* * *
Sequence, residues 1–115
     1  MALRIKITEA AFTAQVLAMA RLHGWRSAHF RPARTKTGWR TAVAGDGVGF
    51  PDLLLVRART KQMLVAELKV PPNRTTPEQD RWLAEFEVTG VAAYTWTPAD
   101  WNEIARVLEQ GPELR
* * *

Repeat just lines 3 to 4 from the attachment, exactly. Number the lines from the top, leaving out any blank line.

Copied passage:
    51  PDLLLVRART KQMLVAELKV PPNRTTPEQD RWLAEFEVTG VAAYTWTPAD
   101  WNEIARVLEQ GPELR